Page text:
(There was a time where the top realm pvpers knew each other as well as the opposition even if you could not communicate with them you knew and respected them.
    If you did well and where a team player you got noticed and invited to preteams.)

    A double sided blade if you ask me.

  • I don’t think that this is better than GW2 IF GW2 fixes overflow from breaking groups. If GW2 fixes that, then I would still choose GW2’s version over this.

    I don’t want 50 people on my friends list that I may never team up or even talk to much again. Doesn’t serve any real purpose in the end.

  • I think you’re failing to see the point. Without this system, some players may go days without even seeing another player or have no one to play the game with get help on quests. This is a system to help an old game with a dying low-level population.

    Like Damage Inc said, it’s like server merges without actually merging servers. GW2’s system is only players from your own server. The whole reason Cross-Realms exist is because there isn’t enough people on your own realm to play with.

  • In a sense this is a solution to a Blizzard-made problem though. They’ve trivialised leveling to such an extent that alting is very boring now, plus they even removed all the group quests as people whined that they couldn’t solo them.

    So other than seeing ‘player-guided NPCs’ walking around competing for mining nodes etc what is the point of this? The Dungeon Finder has removed any need to enter the world for instance runs of course and there aren’t many decent group quests or open-world elite mobs to kill anymore…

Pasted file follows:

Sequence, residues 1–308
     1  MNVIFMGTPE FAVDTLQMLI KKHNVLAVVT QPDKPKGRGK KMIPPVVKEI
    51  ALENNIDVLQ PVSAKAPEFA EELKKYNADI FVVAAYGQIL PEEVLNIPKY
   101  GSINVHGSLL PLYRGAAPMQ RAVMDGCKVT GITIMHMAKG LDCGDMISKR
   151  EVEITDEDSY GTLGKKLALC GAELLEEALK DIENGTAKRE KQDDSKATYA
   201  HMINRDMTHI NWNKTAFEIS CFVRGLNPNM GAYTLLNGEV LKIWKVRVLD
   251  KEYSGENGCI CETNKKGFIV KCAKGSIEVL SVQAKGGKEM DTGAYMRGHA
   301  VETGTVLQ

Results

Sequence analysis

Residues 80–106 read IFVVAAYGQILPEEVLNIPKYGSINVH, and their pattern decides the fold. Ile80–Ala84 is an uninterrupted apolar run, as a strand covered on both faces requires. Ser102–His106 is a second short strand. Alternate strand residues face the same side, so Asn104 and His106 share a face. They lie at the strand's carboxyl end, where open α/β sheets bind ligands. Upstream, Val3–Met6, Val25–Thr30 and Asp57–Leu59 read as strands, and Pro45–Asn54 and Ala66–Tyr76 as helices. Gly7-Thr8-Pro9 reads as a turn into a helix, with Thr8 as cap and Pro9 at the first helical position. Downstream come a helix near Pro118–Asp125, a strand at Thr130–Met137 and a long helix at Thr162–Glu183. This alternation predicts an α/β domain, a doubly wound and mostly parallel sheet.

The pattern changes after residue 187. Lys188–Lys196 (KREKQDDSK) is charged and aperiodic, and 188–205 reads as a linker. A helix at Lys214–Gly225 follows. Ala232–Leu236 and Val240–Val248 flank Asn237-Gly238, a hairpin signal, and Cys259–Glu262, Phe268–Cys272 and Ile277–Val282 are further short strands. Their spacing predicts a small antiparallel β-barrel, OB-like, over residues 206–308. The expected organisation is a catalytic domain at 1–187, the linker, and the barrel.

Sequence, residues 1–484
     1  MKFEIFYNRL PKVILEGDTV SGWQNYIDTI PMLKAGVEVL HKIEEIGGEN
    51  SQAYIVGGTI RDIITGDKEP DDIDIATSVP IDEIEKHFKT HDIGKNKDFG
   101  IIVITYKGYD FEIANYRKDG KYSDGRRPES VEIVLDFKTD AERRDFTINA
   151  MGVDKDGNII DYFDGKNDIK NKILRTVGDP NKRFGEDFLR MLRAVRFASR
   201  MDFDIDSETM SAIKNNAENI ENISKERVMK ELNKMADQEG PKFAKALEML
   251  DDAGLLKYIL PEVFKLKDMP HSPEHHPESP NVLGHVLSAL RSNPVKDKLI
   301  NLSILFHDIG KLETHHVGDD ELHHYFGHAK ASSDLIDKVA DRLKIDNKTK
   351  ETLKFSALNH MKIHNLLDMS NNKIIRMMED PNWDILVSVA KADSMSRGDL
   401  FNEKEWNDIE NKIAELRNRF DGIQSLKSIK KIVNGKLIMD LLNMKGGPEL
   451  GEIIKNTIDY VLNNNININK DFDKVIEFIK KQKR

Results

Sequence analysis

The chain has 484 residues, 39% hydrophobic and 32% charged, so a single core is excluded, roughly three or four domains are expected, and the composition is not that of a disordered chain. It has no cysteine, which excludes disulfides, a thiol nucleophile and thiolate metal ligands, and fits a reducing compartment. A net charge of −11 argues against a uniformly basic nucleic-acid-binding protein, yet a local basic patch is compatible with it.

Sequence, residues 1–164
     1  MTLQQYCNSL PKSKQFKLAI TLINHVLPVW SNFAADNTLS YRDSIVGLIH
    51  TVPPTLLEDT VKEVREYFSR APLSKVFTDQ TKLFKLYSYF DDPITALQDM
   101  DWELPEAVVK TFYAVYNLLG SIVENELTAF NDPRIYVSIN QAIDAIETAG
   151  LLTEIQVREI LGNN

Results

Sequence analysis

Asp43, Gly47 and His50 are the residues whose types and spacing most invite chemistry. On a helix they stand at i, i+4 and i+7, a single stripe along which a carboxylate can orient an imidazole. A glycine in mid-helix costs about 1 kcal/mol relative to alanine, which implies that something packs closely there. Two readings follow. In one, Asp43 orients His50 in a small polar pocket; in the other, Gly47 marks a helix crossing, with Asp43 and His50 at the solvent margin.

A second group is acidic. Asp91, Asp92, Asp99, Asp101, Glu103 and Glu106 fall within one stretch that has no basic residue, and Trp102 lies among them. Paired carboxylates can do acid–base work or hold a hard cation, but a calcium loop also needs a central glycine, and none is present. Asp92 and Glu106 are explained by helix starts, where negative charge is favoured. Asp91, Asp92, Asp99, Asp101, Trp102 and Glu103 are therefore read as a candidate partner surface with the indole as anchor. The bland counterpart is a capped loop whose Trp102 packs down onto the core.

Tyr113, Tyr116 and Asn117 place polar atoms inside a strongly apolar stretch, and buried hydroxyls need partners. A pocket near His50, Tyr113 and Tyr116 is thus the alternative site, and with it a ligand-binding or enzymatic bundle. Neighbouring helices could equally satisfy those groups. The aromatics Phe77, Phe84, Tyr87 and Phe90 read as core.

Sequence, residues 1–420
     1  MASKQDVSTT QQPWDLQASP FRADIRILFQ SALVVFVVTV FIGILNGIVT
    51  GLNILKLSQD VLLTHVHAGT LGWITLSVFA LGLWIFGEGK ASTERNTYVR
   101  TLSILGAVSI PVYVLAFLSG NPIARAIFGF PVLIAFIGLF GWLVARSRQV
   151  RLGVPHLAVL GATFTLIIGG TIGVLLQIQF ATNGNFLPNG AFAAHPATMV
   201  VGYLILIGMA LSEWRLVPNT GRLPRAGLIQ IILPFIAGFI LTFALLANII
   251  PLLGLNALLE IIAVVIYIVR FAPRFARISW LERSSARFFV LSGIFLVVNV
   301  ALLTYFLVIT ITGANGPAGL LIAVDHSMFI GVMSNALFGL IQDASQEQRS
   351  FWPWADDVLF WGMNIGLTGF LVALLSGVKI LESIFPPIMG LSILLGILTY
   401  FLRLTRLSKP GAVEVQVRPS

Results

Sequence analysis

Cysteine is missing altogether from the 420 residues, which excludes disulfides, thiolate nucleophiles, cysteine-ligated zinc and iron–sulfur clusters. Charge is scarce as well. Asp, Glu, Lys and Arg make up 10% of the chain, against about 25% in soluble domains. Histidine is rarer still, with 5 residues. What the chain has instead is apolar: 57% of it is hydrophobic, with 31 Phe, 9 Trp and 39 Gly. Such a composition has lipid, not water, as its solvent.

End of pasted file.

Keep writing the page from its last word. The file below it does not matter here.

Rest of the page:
If this system is the first step in restoring some challenging open world PVE group activities then sure I’ll applaud but at the moment I can’t see it being that useful.

  • @Telwyn: You’re absolutely right about it being a solution to a problem they created. The world is linear and there is little need to return once you’ve progressed beyond a zone, and leveling is so quick and trivial that it happens in a matter of hours.

  • I think it’s a good idea, with a few additions. You should be able to opt out of the Cross-Realm zone or, if you are above the zone’s recommended levels you should be unable to go Cross-Realm in that zone.

  • There are zero quests in the revamped cata 1-60 levelling experience that require help from other players though. If anything, the increased focus on “click this item in the world” quests actually makes other players detrimental, and the whole thing is so streamlined and linear that you have little choice in avoiding some of these log-jams.

    I was told of an anecdote from the MOP beta about a quest that required every single Pandaren character to click a gong in order to progress – yet only one person could click on it at at time, forcing people to queue up.

    If MMOs want people to be social and not view other players as impediments to progress they need to stop creating these sorts of quests. It’s what I quite liked about GW2s heart system, there seems to be much less competition with other people involved – though there is still “pick up” objectives you’re not forced to do them, and often an event could pop up, making you welcome the other people being there.

  • Are there really any group quests left in low level WOW that would benefit from this?

    This system would be good if Blizz was going to introduce public quests at some point, since I remember in Warhammer public quests become pointless when there was no one in the zone.

  • Great idea by blizzard.

    So now my friends and I wil still be on a dead server with an empty auction house.

    We all have a milion alts to farm stuff because you can never buy it. And now when I venture out of the city I will have to compete for the resources with people from other servers that will never ever put it up for sale on our dead auction house?

    Way to make dead servers deader.